Blackjack Rules That Help You Reduce the House Edge
One reason so many players transition from slots to blackjack is because the RTP on most blackjack titles is over 99%. Therefore, if you want to try your luck at something different aside from slots or roulette, blackjack is perhaps the most consistent table game out there!
Although blackjack tables come with a high house edge, you still need a strategy. Before you begin grinding on the felts, we recommend reading about ‘basic strategy’. It is a mathematical system that helps blackjack players play according to those amazing RTPs of 99%+. Now to put some perspective on how important basic strategy is, not using it means you could end up giving away as much as 2% house edge/RTP in favour of the house!
FYI: We also have a few other blackjack blogs you might be interested in:
In this article we are going to expand on the above recommended blackjack articles by introducing you to another trick/strategy blackjack players use to increase their ROI when playing blackjack.
Seeking Out Liberal Rules
While basic strategy will help you play according to the house edge, you will also want to find a table that offers the highest RTP or lowest house edge. Blackjack players do this by looking for what blackjack players call ‘liberal rules’. Now not many people realise this, but the rules of blackjack are not strictly defined.
Casinos can change certain elements of the game to give the house or player an advantage. Below we are going to look at some of the most common rule changes and how they affect your RTP.
Double Down Total Rules
The most liberal ‘double down rule’ a casino can offer is ‘double down on any’ + ‘double down after splits’. It basically means you can double down on any total and if you split your cards, you can double down on your new hands.
However, some casinos restrict these rules which can reduce your RTP, which ultimately means the house edge is increased. Also, there is the famous double down after splits allowed rule.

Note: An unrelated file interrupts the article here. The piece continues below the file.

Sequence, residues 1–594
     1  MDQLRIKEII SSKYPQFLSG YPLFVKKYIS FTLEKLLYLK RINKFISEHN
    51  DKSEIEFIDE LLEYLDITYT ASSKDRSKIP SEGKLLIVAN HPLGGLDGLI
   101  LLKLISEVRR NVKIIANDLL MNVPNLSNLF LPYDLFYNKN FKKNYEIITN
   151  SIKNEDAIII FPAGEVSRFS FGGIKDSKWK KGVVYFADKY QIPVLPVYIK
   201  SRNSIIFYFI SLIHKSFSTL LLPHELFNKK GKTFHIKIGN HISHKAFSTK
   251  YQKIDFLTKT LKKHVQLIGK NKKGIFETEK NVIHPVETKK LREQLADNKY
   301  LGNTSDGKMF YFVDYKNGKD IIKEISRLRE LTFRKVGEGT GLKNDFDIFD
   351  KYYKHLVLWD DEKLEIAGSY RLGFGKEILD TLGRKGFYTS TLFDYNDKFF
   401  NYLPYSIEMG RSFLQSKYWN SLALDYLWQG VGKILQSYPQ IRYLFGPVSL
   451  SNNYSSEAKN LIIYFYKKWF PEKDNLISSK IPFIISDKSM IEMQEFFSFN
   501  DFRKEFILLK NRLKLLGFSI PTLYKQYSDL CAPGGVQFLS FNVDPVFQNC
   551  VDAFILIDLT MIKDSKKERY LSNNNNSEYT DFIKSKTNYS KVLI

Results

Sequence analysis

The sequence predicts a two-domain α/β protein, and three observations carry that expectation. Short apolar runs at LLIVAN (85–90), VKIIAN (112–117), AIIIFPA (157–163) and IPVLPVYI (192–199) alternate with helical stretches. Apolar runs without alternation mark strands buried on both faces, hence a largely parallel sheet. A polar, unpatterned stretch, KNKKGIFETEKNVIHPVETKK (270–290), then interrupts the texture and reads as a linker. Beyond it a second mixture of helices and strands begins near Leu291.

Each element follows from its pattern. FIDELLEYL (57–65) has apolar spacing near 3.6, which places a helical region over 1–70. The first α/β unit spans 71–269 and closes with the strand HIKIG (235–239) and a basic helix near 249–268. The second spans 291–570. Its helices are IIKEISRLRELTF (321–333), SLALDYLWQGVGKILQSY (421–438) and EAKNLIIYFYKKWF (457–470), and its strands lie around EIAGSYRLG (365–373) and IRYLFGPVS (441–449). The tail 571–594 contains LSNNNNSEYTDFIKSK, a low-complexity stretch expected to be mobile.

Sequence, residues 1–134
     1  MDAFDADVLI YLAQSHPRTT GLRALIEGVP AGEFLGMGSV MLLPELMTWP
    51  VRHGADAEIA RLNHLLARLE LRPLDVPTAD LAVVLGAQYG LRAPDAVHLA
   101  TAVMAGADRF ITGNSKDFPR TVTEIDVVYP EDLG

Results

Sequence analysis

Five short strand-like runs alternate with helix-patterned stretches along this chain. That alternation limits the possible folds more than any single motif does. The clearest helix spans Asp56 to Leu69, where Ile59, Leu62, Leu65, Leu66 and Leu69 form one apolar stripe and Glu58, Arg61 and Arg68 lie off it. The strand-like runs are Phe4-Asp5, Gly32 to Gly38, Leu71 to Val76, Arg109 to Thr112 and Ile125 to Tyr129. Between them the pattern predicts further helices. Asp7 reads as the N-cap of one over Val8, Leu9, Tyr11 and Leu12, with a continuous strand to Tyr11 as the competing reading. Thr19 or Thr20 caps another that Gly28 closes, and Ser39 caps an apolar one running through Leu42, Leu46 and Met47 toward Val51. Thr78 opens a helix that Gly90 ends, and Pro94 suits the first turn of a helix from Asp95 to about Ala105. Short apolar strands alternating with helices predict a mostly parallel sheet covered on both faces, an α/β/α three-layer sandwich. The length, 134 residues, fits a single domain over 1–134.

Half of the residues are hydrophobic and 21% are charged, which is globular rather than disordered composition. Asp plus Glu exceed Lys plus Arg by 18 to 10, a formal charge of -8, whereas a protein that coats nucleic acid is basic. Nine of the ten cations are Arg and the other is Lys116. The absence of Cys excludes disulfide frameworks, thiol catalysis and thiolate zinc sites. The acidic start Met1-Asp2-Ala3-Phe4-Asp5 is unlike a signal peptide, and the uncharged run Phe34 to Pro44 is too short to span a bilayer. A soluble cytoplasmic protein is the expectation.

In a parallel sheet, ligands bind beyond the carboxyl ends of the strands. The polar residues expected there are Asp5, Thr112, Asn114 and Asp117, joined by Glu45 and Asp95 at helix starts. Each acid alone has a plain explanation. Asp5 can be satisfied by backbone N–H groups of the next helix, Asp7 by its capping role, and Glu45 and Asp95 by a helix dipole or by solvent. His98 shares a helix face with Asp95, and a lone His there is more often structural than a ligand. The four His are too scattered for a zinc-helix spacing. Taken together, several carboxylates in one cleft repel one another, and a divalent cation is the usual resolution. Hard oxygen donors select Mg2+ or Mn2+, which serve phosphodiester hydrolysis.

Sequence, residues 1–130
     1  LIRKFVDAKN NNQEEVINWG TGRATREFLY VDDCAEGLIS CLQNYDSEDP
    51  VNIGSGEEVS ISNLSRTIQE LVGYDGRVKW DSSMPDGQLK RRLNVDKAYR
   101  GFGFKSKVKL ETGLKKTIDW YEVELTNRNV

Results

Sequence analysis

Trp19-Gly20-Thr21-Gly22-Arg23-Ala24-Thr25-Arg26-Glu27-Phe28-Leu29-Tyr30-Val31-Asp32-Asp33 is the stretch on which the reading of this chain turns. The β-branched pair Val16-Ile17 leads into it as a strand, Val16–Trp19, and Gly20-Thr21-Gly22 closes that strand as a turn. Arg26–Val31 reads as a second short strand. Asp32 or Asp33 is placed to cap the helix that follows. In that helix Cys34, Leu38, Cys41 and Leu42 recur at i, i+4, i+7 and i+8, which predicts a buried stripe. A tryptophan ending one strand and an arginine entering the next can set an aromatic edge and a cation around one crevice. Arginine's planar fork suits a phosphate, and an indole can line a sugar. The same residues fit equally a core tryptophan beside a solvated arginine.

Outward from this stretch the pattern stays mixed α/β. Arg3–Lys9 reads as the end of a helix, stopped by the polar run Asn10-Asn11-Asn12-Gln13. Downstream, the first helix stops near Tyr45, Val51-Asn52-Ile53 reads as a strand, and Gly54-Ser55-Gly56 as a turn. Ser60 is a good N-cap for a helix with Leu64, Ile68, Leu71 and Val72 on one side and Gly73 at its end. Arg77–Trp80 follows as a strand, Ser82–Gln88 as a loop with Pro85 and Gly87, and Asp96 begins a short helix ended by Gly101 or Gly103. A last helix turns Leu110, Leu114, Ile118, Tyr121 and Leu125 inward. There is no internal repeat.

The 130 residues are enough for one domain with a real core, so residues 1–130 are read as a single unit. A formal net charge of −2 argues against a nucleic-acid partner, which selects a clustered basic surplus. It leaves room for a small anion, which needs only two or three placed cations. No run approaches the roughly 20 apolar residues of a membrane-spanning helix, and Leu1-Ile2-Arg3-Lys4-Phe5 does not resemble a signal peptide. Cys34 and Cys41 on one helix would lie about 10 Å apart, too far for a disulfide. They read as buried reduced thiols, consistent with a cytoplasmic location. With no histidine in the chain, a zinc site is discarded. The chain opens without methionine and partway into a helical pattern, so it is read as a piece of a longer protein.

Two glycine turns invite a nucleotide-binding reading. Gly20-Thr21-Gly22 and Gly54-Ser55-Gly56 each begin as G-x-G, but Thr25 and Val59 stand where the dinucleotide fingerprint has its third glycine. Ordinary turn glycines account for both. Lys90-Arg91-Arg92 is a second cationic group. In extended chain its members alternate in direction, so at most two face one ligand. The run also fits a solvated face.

How do double downs affect House Edge/RTP
· Double Down 9, 10 or 11 Totals: +0.09%/-0.09%
· Double Down 10 or 11 Totals Only: +0.18%/-0.18%
· Double Down on 9 Totals Only: +0.21%/-0.21%
· No Double Down After Splits (NDAS): +0.14%/-0.14%
Dealer Stands on Any 17
Another rule seasoned blackjack players look out for is how whether the ‘Dealer Stands All 17s’ or ‘Stands on 17’. They look the same, don’t they? Yet there is a key difference!
Dealer Hits ‘All 17’: When the table reads ‘All 17’ this means the dealer must hit a ‘Soft 17’, which are hands with an ‘Ace’. For example, A-6, A-3-3, A-A-5, A-2-2-2, and so on. As the ‘Ace’ can change its value from ‘11’ to ‘1’, this counts as a soft hand.
This rule is known as (S17) and it gives you a 022% advantage over the house!
It is surprising to see so many blackjack guides recommend the insurance bet. Yet, in Vegas it has the nickname ‘the suckers’ bet. It is a losing bet because the odds are stacked up between 5.89% and up to 7.39% in favour of the house. That’s way above the average RTP of any blackjack table.
Number of Decks In The Shoe
Our final tip is more a challenge than something that seems possible with today’s modern blackjack tables. Now the cardinal rule is that the fewer decks there are in the shoe, the lower the house edge. Today most casinos use 6 to 8 decks and this enables them to offer some of the liberal rules above. However, single deck tables will not use liberal rules. This is basically the casino balancing the odds!
· 2 deck shoes give the house a 0.34% advantage
· 3 deck shoes give the house a 0.45% advantage
· 4 deck shoes give the house a 0.5% advantage
· 5 deck shoes give the house a 0.53% advantage
· 6 deck shoes give the house a 0.55% advantage
· 7 deck shoes give the house a 0.56% advantage
· 8 deck shoes give the house a 0.57% advantage
Here you have 4 excellent tips that will help you master the blackjack tables. We will be back with more blackjack tips on our blog so we can help you become a more efficient player!